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Subject: Howitzer versus Gun - What's in a name?
Usul    2/26/2004 10:04:11 PM
I've never quite understood the difference between a howitzer, a cannon, and an artillery "piece." Can anyone help an ignorant soul out?
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WinsettZ    RE:Howitzer versus Gun - What's in a name?   2/28/2004 9:58:50 AM
Howitzer is a arty piece with shorter barrel and higher trajectory: I'd have to check on that, or someone can reply.
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WinsettZ    RE:Howitzer versus Gun - What's in a name?   2/28/2004 10:04:01 AM
Found the old 18th century definition of a howitzer: "HOWITZER: A short-barreled weapon with a large powder chamber. Howitzers were lighter and fired shells with lower powder charges at higher elevations, but lower ranges than guns of the same caliber."
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IsoT    RE:Howitzer versus Gun - What's in a name?   2/29/2004 12:31:27 PM
If you really want to get precise with it 8)(not many do) Hovitzers barrel is about/ more than 15times the bore. IE 100mm(4 inc) howitzer has about 1500mm barrel(about yard and a half for those who still live in middle ages.. 8) ) Gun has barrel lenght more than 25times the bore. Thus same 100mm piece would mean at least 2500mm barrel. Usually gun or cannon is more than 30 times the bore. Then gun-howitzer is at about 20 times the bore. Anything under 15xbore is mortar. Hope it helps..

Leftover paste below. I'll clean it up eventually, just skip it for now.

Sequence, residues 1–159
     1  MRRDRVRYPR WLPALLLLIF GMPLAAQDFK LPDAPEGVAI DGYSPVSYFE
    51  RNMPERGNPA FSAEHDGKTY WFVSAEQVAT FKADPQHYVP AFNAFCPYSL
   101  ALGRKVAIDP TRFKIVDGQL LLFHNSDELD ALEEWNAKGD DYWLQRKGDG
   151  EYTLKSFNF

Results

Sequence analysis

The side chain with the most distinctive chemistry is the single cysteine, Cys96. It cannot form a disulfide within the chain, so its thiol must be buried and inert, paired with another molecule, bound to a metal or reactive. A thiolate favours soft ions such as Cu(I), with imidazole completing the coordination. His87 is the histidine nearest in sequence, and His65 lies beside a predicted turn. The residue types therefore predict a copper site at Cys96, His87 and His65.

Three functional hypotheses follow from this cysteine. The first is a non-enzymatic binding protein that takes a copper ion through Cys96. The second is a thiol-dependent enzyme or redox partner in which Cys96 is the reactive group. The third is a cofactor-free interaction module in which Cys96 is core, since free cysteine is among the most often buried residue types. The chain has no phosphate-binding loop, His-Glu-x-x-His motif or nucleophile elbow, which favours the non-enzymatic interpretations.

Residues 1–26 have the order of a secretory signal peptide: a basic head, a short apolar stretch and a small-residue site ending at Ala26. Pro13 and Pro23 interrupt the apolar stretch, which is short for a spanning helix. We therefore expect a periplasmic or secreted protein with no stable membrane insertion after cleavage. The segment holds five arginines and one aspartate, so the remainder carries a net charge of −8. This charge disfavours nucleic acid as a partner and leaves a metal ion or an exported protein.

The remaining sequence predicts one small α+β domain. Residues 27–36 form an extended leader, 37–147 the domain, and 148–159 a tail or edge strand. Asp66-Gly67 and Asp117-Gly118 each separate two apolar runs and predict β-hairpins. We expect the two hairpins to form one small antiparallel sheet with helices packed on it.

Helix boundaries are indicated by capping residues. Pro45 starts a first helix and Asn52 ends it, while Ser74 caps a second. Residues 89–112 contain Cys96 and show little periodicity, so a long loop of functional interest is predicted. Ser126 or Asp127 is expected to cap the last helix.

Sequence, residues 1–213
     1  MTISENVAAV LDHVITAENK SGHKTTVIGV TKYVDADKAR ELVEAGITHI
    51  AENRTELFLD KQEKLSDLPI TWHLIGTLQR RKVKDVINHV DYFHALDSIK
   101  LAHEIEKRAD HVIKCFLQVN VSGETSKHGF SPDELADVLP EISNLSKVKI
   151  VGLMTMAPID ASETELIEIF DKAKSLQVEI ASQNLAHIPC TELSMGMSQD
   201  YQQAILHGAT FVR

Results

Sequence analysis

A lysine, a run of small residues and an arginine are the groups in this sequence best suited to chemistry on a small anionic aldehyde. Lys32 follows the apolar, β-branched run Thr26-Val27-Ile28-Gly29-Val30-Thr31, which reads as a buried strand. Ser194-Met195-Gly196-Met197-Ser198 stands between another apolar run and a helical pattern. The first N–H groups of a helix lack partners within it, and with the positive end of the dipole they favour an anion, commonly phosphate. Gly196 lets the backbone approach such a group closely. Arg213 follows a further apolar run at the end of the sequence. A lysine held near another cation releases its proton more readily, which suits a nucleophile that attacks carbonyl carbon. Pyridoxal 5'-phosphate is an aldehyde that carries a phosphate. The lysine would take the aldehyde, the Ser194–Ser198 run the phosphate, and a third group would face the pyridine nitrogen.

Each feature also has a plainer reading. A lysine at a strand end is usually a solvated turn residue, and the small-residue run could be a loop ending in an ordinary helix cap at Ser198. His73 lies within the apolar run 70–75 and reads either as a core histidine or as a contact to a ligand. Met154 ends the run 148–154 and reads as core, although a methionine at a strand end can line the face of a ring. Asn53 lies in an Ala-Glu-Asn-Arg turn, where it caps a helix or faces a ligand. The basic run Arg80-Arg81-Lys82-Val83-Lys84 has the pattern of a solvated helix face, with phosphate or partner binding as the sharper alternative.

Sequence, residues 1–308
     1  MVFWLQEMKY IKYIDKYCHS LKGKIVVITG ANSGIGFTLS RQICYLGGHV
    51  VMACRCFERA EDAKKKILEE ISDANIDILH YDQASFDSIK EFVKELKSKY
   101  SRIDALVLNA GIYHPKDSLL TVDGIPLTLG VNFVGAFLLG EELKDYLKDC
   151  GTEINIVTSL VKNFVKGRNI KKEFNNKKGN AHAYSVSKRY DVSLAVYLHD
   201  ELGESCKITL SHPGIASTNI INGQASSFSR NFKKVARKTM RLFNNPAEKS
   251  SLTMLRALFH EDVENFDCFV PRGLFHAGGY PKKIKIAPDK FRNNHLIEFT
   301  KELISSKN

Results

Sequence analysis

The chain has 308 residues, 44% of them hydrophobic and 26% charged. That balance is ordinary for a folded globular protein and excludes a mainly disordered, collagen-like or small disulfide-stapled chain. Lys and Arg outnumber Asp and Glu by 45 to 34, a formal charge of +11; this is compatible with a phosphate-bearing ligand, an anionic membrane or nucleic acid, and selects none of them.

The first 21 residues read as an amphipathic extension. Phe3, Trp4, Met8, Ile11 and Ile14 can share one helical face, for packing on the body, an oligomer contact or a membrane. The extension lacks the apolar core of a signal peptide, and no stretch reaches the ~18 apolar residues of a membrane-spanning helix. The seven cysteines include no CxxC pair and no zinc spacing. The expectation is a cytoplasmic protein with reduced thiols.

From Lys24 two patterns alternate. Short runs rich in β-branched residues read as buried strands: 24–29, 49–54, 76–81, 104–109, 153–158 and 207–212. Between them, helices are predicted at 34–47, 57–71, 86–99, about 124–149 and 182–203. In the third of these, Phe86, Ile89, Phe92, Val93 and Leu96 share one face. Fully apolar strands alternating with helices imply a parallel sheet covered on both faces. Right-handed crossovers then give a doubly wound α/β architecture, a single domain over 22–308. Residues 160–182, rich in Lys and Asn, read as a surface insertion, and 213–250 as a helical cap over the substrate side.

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Worcester    RE:Howitzer versus Gun - Employment   3/1/2004 5:18:01 PM
ISOT is right about the dimensions: <15x bore: mortar >15x bore: howitzer >25x bore: cannon The reason for these differences is the employment of these weapons. Mortar/howitzer fire >45' angle to drop shells balistically on a target. The classic indirect fire weapons. Very important if you want to drop shells into the tops of enemy positions or to penetrate top cover or, given places like Afghanistan, reach just over the crest of a hill to engage reverse slope positions. Cannons fire <45' angle and often have greater velocity and range; may be smaller shells but arrive with little warning. The traditional "grazing" fire. The relationship between barrel length and muzzle velocity is not a constant; with a certain amount of charge, there is a point beyond which the shell will no longer accelerate, no matter how long the barrel. At that point a wide bore can deliver a heavy charge with adequate accuracy. Most modern 155mm guns have a dual gun/howitzer capability. By adjusting their charge with the gun in a low elevation they can deliver short, medium and long range grazing fire; then raise the elevation to fire a high angle howitzer engagement at closer ranges. Hit the forward slopes, then hit the reverse slopes.
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IsoT    RE:Howitzer versus Gun - Employment   3/4/2004 4:19:36 PM
to elaborate a bit on Worchester's comments: The charges are REALLY important. You don't want a grenade to arrive on flat trajectory(if you want shrapnell to be effective that is, if you want to put a hole through metal that's a different thing) if grenade explodes on flat trajectory, most of the shrapnell goes into air=is ineffective. If grenade explodes close to 90 deg trajectory almost all shrapnell goes here it is intended= to ground= on top anybody unfortunate enought to warrant gods wrath to rained on top of them. Usually one wishes that trajectoy is about 30deg, or more.(0 being the flat..)
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Sam    RE: Blockhouse answer   3/6/2004 3:26:35 PM
Gun= high velocity, flat trajectory, long range, very inaccurate at distance. examples being naval guns 5'/54,the battleship 16'/50 and the M-107, 175mm gun. Howitzer= medium velocity, medium trajectory, capable of both low and high angle fire, medium range, very accurate. Examples , the M101/M102 105mm, any of the current 155mm and the M-110 8" howitzer. Mortar= Low velocity, high angle, short range. inaccurate
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